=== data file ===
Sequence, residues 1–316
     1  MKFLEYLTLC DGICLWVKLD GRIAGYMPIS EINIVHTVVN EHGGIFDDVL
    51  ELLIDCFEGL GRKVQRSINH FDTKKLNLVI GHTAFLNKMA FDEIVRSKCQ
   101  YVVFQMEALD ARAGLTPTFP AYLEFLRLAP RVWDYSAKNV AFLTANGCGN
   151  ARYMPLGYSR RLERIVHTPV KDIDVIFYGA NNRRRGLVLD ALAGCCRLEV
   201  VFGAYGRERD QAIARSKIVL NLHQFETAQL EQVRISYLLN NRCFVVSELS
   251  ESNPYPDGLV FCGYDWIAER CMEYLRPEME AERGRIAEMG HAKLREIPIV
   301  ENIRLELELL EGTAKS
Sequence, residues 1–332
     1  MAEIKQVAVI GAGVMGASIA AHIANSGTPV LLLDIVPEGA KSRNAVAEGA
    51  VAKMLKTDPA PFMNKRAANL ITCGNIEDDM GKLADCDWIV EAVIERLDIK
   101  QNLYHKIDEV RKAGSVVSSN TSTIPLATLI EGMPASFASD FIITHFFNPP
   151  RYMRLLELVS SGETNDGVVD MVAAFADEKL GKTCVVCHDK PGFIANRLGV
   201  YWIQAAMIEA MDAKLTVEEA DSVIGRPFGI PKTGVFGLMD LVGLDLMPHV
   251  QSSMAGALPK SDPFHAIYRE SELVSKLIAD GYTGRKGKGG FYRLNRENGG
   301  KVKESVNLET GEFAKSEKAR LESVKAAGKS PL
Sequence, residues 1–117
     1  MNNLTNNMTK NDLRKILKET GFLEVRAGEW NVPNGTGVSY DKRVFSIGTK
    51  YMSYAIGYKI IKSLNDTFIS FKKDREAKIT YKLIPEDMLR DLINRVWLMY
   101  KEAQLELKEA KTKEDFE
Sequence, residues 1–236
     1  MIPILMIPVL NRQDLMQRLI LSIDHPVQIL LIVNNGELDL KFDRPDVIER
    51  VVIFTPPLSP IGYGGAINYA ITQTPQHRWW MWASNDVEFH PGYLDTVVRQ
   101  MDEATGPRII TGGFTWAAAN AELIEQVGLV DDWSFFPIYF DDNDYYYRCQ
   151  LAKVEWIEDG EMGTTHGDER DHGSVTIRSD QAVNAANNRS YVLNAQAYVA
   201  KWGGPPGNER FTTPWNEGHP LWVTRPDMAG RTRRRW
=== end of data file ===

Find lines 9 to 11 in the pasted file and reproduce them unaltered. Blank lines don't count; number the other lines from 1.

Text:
Sequence, residues 1–332
     1  MAEIKQVAVI GAGVMGASIA AHIANSGTPV LLLDIVPEGA KSRNAVAEGA
    51  VAKMLKTDPA PFMNKRAANL ITCGNIEDDM GKLADCDWIV EAVIERLDIK